Admission to the Order of Templar
By Darren Bailey LRPS
Before one could be considered for admission into the order, he had to meet a number of preconditions. Among them, a man had to be in good health, not married or indebted, without any obligations and not bound by any other order, and willing to accept becoming a slave and servant of the order.
The initiation ceremony was held in a domed chamber resembling the Church of The Holy Sepulchre and was to be conducted in absolute secrecy.
Just as in Freemasonry centuries later, esoteric rituals had to be performed during this ceremony.
In his article titled “Tampliyeler ve Hurmasonlar” (Templars and Freemasons) mason Teoman Biyikoglu refers to the order’s rule of 1128 about the initiation ceremony:
The Master addresses the congregated brothers of the order: “Dear brothers, some of you have proposed that Mr. X may be admitted to the order. If any of you know of any reason to oppose his initiation, say so now.”
If no word of opposition is spoken, the candidate will be led to the adjoining chamber of the temple. In this chamber, the candidate is visited by three of the most senior brothers, told of the difficulties and hardship awaiting him if he is admitted to the order, and then asked whether he still wishes to be admitted. If his answer is affirmative, he is asked whether he is married or engaged to be married, has links to other orders, is indebted to anyone, is of good health, and whether or not he is a slave.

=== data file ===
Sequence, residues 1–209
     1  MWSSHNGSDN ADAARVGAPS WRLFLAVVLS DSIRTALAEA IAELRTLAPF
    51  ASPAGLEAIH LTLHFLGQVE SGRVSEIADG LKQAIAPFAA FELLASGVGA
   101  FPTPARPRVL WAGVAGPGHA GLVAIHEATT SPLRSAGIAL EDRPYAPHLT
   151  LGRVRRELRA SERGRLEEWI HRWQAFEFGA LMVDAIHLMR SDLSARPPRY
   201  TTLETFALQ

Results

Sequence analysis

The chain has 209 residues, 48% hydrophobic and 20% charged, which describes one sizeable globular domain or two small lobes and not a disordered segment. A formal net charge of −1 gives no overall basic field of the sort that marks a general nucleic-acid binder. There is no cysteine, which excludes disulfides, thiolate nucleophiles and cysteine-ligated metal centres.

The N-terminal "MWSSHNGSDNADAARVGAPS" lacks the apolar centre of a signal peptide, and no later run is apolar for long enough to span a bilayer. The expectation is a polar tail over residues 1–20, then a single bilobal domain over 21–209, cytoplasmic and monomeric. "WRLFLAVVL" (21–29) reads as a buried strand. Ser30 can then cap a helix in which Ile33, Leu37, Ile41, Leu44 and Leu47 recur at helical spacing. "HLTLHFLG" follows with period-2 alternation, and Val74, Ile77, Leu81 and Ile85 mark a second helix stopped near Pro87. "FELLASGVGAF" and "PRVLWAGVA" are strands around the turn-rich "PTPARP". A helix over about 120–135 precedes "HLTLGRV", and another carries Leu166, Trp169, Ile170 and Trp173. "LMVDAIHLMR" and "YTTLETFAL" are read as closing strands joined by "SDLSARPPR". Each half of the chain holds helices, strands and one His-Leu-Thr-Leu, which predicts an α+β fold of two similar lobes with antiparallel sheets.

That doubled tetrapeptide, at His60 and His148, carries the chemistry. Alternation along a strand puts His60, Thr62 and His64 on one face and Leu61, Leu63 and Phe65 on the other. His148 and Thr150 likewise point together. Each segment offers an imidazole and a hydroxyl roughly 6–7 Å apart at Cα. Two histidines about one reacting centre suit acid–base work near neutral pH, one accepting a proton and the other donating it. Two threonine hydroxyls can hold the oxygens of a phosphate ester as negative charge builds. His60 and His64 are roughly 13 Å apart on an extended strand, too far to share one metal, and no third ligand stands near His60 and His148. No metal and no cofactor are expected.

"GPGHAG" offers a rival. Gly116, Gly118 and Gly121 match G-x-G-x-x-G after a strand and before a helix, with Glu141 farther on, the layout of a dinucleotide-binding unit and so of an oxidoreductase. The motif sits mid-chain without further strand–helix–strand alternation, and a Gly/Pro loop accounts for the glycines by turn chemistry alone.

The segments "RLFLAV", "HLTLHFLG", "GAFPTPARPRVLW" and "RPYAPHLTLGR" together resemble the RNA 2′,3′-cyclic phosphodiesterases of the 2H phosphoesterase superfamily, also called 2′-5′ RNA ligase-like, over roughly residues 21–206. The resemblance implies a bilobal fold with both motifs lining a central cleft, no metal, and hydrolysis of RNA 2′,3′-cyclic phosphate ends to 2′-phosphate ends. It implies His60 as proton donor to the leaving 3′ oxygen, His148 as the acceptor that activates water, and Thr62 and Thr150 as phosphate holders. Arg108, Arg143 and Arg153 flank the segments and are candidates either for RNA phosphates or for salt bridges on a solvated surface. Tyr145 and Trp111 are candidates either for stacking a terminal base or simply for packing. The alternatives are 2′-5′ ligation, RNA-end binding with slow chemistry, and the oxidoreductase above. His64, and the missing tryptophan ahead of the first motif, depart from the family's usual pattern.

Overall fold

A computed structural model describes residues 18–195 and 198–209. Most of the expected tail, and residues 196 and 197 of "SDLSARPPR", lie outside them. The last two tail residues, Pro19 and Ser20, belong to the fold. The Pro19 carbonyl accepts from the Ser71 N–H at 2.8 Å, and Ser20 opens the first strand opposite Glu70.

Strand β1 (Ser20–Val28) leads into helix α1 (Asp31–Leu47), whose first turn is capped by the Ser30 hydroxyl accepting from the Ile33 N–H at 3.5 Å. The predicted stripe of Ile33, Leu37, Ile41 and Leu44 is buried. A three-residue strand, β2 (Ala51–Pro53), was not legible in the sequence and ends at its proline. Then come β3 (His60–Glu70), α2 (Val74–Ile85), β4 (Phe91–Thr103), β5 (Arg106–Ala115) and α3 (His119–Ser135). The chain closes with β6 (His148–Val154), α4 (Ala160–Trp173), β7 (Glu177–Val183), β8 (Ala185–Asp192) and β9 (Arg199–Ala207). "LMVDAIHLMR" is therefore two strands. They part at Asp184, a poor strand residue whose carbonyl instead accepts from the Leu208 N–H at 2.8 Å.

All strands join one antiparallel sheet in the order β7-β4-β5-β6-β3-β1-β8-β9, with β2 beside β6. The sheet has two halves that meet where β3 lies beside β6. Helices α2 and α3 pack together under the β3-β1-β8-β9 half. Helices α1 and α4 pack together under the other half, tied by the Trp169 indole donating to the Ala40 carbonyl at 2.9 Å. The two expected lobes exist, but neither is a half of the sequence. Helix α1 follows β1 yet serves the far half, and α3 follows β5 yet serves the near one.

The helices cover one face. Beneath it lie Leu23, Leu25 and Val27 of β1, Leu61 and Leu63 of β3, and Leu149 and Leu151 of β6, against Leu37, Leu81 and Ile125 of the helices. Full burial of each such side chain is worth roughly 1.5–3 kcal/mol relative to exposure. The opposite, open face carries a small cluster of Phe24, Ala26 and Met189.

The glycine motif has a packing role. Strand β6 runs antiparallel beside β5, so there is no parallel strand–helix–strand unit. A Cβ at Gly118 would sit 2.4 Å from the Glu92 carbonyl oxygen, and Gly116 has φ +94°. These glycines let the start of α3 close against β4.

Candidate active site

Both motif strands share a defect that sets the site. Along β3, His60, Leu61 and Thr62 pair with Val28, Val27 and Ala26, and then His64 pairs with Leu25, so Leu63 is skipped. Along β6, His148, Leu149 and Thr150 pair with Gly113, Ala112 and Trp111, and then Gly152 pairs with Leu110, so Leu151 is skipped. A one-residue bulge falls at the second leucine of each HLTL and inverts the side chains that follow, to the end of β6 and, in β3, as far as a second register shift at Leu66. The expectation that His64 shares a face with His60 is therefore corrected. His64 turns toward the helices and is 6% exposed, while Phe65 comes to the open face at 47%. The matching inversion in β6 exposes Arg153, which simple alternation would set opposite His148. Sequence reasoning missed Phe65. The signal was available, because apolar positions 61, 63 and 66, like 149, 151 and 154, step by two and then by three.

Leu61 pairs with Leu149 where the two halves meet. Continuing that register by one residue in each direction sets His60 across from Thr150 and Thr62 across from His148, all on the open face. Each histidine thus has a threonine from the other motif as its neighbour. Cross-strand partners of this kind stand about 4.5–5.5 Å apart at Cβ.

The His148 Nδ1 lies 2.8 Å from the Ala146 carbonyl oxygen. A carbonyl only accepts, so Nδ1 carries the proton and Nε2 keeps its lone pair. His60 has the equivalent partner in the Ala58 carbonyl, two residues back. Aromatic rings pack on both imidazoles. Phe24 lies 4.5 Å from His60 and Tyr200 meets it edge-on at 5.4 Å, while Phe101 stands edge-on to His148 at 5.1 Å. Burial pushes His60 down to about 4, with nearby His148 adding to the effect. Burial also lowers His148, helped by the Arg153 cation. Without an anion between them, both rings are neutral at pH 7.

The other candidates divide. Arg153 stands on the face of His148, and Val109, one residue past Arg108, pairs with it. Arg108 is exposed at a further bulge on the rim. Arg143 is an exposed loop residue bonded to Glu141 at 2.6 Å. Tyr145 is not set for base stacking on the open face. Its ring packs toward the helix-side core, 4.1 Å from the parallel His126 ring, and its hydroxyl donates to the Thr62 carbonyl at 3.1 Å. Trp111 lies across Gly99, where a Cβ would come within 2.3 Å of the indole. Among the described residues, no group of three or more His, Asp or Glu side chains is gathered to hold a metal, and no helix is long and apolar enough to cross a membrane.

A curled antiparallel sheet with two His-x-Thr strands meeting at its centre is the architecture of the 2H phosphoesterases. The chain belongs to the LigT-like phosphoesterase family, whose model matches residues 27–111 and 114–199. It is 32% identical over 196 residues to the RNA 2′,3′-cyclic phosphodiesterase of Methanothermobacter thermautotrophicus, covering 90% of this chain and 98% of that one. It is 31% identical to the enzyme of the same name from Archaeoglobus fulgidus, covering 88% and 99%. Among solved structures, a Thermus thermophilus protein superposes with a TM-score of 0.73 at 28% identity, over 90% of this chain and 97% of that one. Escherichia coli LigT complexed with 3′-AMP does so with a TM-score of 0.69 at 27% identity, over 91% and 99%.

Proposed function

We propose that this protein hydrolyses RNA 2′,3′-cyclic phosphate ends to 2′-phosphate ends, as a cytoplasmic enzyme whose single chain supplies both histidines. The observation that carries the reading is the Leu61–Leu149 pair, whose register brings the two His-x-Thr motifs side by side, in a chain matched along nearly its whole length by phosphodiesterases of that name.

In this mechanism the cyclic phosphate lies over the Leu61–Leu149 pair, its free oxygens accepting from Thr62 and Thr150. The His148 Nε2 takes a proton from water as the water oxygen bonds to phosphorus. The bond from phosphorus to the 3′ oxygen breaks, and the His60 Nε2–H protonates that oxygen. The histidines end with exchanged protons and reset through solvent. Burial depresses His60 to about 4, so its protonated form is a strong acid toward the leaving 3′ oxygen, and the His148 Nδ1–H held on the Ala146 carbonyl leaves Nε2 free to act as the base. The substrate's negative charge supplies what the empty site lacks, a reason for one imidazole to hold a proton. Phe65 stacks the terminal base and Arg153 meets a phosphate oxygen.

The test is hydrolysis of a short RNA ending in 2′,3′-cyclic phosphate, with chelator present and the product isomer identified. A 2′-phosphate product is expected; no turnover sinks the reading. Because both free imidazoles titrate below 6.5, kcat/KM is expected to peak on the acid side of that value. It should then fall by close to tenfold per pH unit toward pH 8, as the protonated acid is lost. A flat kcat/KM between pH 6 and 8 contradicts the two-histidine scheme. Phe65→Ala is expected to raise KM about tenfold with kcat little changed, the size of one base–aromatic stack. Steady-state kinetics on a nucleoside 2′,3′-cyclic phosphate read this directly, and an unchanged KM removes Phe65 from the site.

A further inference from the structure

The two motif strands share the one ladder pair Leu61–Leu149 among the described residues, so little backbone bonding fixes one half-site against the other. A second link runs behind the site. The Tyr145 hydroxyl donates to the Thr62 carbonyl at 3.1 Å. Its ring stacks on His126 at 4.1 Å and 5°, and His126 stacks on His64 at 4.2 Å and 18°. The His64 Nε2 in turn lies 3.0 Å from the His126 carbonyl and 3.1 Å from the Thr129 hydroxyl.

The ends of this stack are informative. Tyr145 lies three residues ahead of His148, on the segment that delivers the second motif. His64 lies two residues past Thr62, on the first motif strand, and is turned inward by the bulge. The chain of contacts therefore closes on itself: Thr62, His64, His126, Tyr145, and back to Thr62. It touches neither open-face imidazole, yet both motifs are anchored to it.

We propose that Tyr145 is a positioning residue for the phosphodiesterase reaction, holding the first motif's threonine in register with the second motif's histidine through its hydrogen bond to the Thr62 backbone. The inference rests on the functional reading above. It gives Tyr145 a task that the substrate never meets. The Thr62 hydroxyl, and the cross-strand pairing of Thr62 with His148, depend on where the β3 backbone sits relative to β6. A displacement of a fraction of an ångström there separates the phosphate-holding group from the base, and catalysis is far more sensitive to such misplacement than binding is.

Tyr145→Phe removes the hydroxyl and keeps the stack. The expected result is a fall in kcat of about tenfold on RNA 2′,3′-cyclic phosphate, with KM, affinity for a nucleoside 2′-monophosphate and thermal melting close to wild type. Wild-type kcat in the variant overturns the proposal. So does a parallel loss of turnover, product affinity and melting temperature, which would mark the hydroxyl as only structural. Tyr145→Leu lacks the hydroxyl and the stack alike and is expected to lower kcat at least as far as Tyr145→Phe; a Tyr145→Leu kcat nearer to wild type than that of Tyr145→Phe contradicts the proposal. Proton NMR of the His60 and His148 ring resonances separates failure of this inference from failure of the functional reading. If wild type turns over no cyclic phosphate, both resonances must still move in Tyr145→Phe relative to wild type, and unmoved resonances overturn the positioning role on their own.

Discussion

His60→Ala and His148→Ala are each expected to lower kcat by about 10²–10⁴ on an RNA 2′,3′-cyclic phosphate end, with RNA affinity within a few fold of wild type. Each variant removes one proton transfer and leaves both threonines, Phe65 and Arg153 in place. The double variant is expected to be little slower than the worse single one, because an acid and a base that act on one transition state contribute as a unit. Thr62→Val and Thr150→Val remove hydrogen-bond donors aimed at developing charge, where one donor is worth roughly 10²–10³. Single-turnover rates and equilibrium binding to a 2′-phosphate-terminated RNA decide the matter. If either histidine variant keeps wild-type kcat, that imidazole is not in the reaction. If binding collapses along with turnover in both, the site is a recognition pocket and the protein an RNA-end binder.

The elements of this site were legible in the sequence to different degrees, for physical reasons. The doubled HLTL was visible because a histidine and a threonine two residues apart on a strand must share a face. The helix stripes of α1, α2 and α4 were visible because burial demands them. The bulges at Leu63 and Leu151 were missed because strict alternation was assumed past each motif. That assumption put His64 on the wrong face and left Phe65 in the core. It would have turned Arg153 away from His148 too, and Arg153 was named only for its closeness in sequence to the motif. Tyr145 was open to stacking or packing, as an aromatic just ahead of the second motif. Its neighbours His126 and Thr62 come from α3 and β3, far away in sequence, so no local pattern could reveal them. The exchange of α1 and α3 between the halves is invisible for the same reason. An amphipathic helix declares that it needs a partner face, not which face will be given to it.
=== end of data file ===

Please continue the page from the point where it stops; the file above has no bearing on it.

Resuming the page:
If his answers to these questions comply with the requirements of the order, the senior brothers will return to the temple and say,
“We told the candidate of all the hardships awaiting him and our conditions of admission, but he is insistent on becoming a slave of the order.”
Before being readmitted into the temple, the candidate is again asked whether he still insists on being admitted. If he still answers yes, the Grand Master addresses the candidate:
“Brother, you are asking much of us. You have seen only the façade of the order, and you hope to acquire pure blood horses, honourable neighbours, good food and nice garments. But are you aware of how hard our conditions really are?”
Proceeding to list the difficulties awaiting the candidate, he continues:
“You must not seek admittance for wealth, nor for status.”
f the candidate agrees, he is again led out of the temple. The Grand Master then asks the brothers whether they have anything to say about the candidate. If there is nothing said against him, he is brought back, made to kneel down, and given the Bible. He is asked if he is married. If he answers no, the oldest or most senior in the congregation is asked,
“Have any questions that need to be asked been forgotten?”
If the answer is no, the candidate is asked to swear an oath that he will remain loyal to the order and his brothers until the day he dies, and that he will not reveal to the outside world a word that is spoken in the temple. After he has sworn the oath, the Grand Master kisses the new brother on the lips [according to another source he is kissed on the belly and neck]. He then is given a Templar mantle and a woven belt, which is never to be taken off.
Art created using a Nikon D90 and a Nikkor 18 – 105 vr
A Chainmail coif
A Templar sword
An Armoured Gauntlet
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